Rottnest Island sits about a half hour ferry off the coast of Perth. It's a protected nature reserve with a long naval and convict history, and is famous for its pristine bays and beaches, and the quokka - a small, friendly marsupial found on the island . Rottnest receives about 500,000 visitors a year, and it's all foot traffic. You can rent bikes and explore the island, or hop on train or coach around the island, but no motorized vehicles can be brought on the island without permission. We woke up early to catch the Rottnest Express departing in Fremantle. It was cooler today, with a strong southwesterly wind. The ferry crashed through waves, but Mom's ginger drops helped immensely and while we did ask for sick bags, fortunately we didn't need them. On the island, we picked up our bikes with a carriage to pull Gali and a special backseat for Raquel. We rode around the dusty streets of the main settlement, checking out the old prison colony accommodation that is now rented out as accommodation. Then we hopped on a train for a visit to the massive artillery gun and spooky tunnels at Oliver Hill. Our guide Mike let Raquel ride up front and blow the whistle, which she thought was the most awesome thing ever. That is until she met the quokkas! They're impossibly cute, friendly, and famous for posing for selfies. On a coach tour around the island, we visited the stunning bays, spotted osprey nests, dolphins, and tired tourists riding bicycles. The kids were bombed but held up pretty well. Rewarded with ice-cream at the settlement in Thompson Bay, we caught the 4:25pm ferry home. The swells were huge, but Raquel loved the crashing waves, giving them names. Gali fell asleep and Mom needed more ginger drops. Dad said that once you've done the Drake Passage in Antarctica, it's all smooth sailing (but Dad would say something like that.) We returned to Perth exhausted, wishing we could have spent 3-4 days exploring the island at our own pace, but happy to have had the opportunity to see it (and meet those wonderful quokkas).
A light breakfast in our Attika home in Perth. For lunch we had wraps and sandwiches, and for dinner, we stopped on the way from Fremantle to pick-up takeaways.
It was a busy day, so chains all the way: Subway (there's one on Rottnest) and Nandos (they're all over Perth).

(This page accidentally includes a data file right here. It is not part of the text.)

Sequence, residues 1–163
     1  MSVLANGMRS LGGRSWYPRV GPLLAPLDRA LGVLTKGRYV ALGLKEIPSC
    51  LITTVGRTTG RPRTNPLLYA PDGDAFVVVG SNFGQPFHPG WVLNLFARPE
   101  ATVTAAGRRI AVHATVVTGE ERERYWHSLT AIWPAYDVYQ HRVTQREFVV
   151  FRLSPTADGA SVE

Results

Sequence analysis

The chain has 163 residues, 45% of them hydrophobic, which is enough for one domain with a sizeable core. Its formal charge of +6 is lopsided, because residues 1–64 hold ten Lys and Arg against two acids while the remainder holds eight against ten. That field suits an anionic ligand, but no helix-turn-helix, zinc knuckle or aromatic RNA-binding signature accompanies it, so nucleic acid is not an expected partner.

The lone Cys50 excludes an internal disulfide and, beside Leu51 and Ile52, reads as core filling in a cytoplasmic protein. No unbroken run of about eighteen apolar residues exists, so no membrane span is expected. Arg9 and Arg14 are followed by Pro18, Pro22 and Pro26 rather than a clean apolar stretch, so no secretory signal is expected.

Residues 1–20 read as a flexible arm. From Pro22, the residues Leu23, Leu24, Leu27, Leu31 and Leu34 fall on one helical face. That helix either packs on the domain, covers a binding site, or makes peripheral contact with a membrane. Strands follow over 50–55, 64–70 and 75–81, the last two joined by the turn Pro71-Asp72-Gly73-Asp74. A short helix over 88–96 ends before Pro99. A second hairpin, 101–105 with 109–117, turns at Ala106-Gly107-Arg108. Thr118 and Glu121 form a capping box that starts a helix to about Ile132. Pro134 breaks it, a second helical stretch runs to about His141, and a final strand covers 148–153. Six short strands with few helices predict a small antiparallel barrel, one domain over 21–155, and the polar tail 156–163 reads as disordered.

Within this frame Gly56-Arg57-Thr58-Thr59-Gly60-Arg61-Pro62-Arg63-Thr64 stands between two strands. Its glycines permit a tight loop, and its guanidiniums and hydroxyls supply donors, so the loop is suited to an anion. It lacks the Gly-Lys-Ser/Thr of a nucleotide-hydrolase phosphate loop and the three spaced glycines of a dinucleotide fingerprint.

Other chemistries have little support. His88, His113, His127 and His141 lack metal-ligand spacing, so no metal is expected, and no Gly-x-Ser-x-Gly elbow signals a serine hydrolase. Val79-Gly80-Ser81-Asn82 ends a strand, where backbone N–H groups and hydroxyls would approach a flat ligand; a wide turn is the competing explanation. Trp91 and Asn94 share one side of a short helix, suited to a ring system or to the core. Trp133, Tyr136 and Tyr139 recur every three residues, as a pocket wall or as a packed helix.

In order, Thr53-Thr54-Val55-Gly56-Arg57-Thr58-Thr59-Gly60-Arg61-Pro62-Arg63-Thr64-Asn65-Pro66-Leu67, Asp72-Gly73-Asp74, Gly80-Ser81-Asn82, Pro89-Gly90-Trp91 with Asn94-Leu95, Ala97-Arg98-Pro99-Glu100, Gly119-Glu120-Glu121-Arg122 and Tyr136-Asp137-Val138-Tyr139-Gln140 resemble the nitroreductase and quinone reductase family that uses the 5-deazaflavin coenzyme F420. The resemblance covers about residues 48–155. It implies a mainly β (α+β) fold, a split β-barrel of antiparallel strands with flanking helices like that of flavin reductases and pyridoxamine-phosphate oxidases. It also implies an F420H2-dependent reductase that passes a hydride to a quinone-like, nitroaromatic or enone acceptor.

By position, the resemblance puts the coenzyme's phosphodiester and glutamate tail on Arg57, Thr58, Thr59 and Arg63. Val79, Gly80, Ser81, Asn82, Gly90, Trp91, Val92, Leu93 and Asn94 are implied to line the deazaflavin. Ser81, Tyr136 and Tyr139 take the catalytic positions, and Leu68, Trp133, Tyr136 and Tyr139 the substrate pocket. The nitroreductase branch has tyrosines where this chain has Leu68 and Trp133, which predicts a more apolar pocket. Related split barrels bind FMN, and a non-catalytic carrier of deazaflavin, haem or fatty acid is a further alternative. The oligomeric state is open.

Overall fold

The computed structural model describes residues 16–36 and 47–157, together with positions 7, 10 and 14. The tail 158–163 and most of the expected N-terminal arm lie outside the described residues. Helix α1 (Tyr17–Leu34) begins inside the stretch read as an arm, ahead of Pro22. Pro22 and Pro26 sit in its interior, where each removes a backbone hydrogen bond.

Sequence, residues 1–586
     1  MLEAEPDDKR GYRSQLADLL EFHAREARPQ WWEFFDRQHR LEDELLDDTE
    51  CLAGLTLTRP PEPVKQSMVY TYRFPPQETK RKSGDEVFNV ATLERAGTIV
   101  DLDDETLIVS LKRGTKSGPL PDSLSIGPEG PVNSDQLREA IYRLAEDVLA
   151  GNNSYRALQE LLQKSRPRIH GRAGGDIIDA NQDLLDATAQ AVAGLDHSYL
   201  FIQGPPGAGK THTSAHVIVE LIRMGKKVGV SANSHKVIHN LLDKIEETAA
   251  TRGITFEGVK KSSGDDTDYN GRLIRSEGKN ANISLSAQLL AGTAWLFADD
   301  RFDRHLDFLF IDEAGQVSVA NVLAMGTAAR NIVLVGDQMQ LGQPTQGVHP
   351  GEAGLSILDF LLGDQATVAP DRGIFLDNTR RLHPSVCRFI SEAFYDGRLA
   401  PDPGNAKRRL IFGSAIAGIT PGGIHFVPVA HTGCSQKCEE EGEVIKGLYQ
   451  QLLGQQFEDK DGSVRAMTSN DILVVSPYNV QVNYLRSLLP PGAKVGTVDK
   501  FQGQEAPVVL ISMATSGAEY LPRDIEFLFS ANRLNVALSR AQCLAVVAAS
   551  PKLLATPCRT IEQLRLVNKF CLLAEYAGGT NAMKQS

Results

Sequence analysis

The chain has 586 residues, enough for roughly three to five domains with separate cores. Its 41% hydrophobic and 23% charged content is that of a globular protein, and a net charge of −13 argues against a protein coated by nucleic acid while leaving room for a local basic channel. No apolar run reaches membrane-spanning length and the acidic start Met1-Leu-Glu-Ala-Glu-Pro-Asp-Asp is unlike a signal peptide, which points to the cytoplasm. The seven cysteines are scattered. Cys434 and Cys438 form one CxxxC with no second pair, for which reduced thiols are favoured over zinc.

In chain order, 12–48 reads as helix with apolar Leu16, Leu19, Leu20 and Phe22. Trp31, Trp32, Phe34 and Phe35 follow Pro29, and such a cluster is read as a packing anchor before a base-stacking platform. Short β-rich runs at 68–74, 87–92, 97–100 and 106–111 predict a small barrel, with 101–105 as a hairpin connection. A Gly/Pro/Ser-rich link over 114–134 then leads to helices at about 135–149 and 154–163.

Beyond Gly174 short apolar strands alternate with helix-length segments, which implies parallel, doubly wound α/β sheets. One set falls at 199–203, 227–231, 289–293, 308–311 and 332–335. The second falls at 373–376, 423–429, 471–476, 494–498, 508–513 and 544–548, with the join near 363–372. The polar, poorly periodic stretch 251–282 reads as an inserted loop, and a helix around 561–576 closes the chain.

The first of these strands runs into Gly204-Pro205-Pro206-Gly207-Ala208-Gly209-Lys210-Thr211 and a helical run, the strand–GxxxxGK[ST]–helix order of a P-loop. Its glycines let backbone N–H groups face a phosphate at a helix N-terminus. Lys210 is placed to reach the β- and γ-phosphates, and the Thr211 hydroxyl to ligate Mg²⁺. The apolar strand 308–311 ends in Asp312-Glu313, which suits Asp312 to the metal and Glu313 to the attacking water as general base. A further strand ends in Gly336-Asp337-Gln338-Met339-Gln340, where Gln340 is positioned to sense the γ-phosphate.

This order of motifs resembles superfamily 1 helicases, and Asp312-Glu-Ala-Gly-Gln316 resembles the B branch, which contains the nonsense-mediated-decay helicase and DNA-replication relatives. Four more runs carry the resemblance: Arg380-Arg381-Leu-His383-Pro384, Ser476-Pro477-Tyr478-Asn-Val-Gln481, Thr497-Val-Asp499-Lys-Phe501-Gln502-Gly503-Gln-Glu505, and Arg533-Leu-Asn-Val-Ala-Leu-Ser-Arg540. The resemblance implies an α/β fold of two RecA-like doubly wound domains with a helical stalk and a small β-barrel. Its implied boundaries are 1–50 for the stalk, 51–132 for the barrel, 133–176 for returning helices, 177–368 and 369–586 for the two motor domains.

My Favourite Pictures Today
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It was so great to come home to our suite at the Attika Hotel and find everything spotless and put away. The kids can't get enough of the extra large shower, they think they're in a waterpark. Raquel muscled into our extra soft bed last night and dominated the mattress. Mom and Dad woke up clinging to the fringes!
That Roger Federer took a selfie with a quokka and it's been viewed over 500 million times. That quail is no longer the only "q" animal in town. That Rottnest got its name from a Dutch captain who thought quokkas were rats, and called the island Rotte Nest (rat's nest). That Fremantle was the major Allied base for the Indian Ocean during World War II, and Rottnest was its primary defence. The Oliver Hill battery had huge guns that could fire armour piercing shells weighing 172 kilograms each to a distance of 28 kilometres. A long tunnel system was built into the hill to operate the guns, but it was never used in combat. That all accommodation on the island is managed by the Rottnest Island Authority and the villas, units and cottages are all self-catering. The island supermarket was pretty impressive! That sea birds love Rottnest, as do whales and dolphins. That there's a 14 year waiting list for one of the 900 boat moorings around the island. That quokkas were once plentiful but are now limited to Rottnest and Bald Islands in Western Australia. And they really don't mind posing for selfies.
Reflection of the Day
The quokkas, hands down! Also when Raquel tooted the train's horn, and Gali fell asleep in the back of the bike carriage.
Our bus tour ran a little late so we didn't get a chance to explore the island by bike as much as we wanted to.
We'll Always Remember
- Name: Annaliese
- : France
- : it gives me knowledge that there are cultures outside of our own that we need to explore.
- : Keep a diary so you can see what thoughts you had at that age, and can remember the things you thought you forgot.
- Name: Jillian
- : Switzerland
- : It makes me excited for new people, places and food.
- : Look around and know where your Mom and Dad are.
There were a lot of young kids on the island today, and kudos to all their parents (including the lady with the toddler and twin babies up front on the ferry!) We were lucky it wasn't too hot, but it was a bit windy, and since there are no cars on the island, you're out in the elements. Arriving early eliminated the stress up front, we packed snacks, layers, and lucked out that Raquel didn't get seasick at all. She loved exploring the tunnels, and is becoming braver and more curious by the day (we're a long way from her scary imaginary "trolls" in the mines of Bendigo! We wished we could spend more time on the island, but that's what travel does: gives you a taste, and leaves you wanting more.